The treatment is the first oral GPCR receptor antagonist class recommended for NHS use.
The National Institute for Health and Care Excellence (NICE) has recommended Pfizer’s Vydura (rimegepant) as a cost-effective option for the treatment of acute migraines in adults.
The recommendation marks Vydura as the first drug in the oral GPCR receptor antagonist class to be recommended for routine NHS use as a treatment for the condition.
Published in NICE’s draft guidance, Vydura is recommended for adults who have previously tried at least two triptan-based therapies that were ineffective, not tolerated, or contraindicated.
It is also recommended after prior use of nonsteroidal anti-inflammatory drugs, such as ibuprofen and aspirin, and paracetamol didn’t work well enough.
Triptans are a group of medicines used to treat a migraine or headache.
The recommendation was based on clinical trial evidence, which showed that Vydura is more likely to reduce pain in patients within 2 hours.
Vydura is estimated to benefit around 13,000 acute migraine patients who are eligible for the treatment.
It is currently estimated that one in seven people in the UK is living with a migraine, which can cause severe headaches, vomiting, nausea, disturbed vision, fatigue, and sensitivity to light, sound and smells.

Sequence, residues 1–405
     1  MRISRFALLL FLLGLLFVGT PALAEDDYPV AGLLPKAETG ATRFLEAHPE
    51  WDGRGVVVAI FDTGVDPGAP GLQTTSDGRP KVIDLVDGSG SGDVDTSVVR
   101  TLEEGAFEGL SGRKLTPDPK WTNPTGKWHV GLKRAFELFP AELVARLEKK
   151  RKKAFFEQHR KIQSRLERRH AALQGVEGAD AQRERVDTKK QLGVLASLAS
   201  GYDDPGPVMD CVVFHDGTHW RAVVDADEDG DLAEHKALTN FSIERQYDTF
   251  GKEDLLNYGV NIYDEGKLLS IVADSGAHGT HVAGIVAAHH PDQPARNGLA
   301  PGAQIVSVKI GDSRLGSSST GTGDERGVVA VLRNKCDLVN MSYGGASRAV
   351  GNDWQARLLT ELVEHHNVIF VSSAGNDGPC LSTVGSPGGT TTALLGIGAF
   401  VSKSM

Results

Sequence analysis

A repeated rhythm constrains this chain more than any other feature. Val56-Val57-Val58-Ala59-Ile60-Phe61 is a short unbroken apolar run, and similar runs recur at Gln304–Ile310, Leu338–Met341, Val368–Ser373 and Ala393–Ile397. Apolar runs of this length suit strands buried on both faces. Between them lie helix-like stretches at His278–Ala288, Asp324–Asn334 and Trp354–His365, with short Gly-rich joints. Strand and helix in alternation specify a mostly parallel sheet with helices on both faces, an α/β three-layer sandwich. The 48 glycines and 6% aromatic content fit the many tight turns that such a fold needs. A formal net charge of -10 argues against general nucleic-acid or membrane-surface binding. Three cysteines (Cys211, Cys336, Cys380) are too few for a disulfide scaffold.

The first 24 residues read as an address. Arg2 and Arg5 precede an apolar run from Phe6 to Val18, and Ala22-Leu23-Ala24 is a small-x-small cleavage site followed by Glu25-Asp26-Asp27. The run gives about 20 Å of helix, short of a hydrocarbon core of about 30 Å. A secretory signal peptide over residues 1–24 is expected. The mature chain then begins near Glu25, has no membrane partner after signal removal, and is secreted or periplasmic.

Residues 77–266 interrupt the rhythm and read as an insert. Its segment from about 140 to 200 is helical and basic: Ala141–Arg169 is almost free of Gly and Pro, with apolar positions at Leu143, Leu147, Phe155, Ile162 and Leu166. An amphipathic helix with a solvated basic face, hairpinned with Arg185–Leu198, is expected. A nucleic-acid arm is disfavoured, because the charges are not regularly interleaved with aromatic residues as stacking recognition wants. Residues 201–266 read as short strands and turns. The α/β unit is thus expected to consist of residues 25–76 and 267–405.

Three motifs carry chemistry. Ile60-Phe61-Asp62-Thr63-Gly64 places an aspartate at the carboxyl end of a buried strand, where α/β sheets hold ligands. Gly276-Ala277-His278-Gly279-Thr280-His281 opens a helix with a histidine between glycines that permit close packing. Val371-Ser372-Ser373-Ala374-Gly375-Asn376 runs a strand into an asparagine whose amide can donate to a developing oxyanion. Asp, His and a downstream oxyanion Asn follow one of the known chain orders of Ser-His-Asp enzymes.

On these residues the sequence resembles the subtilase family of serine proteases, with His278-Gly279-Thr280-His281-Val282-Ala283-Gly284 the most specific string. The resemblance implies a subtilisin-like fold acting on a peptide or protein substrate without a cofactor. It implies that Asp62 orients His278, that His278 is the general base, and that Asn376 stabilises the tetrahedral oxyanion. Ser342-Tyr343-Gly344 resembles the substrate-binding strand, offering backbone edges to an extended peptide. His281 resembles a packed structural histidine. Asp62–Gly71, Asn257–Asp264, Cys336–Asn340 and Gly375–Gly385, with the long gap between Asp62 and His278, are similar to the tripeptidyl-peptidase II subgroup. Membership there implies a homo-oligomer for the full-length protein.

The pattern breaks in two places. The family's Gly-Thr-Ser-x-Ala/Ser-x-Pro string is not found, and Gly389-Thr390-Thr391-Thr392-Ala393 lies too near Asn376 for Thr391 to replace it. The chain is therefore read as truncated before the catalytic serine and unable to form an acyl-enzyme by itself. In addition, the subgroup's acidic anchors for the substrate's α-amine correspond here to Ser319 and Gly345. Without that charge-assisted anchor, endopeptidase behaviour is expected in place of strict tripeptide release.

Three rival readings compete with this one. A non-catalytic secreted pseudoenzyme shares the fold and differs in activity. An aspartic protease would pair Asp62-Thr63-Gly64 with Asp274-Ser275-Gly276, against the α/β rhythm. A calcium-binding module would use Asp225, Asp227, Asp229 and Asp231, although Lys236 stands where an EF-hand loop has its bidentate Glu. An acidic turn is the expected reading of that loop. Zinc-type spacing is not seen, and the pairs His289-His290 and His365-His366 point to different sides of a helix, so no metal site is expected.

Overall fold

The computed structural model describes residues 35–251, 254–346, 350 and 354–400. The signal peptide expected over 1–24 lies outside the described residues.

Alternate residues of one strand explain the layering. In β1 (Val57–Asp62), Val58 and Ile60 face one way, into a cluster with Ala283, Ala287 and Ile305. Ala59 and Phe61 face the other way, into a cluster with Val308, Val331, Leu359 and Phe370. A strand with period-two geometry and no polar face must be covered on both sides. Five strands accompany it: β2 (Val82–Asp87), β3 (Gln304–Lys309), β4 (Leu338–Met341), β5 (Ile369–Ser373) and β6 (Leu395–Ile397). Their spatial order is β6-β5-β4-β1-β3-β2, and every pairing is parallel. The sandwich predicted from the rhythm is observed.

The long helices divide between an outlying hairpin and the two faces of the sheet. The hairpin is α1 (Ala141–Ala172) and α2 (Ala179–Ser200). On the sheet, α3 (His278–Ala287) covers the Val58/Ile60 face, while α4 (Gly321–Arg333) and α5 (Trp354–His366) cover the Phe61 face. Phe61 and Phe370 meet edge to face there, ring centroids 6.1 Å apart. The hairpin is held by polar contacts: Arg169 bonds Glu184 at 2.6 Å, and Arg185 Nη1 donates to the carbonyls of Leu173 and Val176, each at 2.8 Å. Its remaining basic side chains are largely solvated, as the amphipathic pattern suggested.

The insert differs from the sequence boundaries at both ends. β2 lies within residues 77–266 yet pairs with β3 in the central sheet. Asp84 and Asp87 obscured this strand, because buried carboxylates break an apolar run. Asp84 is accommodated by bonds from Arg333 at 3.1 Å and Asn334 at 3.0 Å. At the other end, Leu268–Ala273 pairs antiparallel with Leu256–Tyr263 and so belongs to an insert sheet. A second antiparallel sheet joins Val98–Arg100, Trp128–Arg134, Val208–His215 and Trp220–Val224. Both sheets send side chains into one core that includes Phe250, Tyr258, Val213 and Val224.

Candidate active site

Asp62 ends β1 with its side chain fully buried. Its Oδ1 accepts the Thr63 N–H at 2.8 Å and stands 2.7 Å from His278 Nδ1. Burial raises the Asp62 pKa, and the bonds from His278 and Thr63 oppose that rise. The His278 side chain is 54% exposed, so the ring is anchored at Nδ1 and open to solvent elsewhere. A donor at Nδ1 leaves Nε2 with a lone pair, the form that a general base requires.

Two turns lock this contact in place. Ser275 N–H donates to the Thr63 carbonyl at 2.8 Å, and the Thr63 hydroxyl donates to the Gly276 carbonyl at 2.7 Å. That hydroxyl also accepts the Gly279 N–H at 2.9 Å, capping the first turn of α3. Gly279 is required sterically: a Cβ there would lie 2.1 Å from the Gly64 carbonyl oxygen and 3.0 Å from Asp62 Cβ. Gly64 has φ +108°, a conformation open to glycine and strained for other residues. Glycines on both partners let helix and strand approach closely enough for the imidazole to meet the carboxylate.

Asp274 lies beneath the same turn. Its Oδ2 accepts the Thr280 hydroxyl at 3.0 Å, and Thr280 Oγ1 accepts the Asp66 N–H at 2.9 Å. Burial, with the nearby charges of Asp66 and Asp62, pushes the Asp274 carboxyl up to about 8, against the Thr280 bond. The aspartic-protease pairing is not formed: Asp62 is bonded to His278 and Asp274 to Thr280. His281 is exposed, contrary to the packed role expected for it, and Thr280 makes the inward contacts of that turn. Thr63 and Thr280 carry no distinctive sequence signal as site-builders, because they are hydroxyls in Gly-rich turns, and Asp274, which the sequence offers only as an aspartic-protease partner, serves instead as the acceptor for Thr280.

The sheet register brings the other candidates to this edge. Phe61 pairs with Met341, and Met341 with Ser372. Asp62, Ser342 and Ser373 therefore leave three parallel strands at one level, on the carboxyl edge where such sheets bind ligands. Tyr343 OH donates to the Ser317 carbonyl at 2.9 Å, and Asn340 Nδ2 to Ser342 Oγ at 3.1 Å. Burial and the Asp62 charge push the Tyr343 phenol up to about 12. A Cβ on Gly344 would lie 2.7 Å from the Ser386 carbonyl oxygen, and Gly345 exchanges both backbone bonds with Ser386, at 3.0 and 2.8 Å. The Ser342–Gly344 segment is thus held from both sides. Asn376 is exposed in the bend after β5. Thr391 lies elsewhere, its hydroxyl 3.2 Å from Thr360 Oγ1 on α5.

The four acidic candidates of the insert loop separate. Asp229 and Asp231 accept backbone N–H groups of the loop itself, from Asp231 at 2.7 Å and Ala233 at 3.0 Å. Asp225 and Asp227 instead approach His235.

The treatment works by stopping the release of a protein known as calcitonin gene-related peptide, found around the brain, which is responsible for the severe pain that is associated with migraine attacks.
There is currently no further standard treatment for the condition when triptans are ineffective, not tolerated, or contraindicated.
Helen Knight, director of medicines evaluation at NICE, said: “Today’s final draft guidance addresses the high unmet need for treatment options for acute migraine, once again demonstrating our ability to ensure clinically and cost-effective medicines are available to those who need them as quickly as possible.”
NICE has previously recommended treatments, including Vydura, for preventing migraines in adults.
In May, NICE authorised Vydura to prevent episodic migraine attacks, which was the first CGRP therapy recommended for routine use by the NHS as treatment.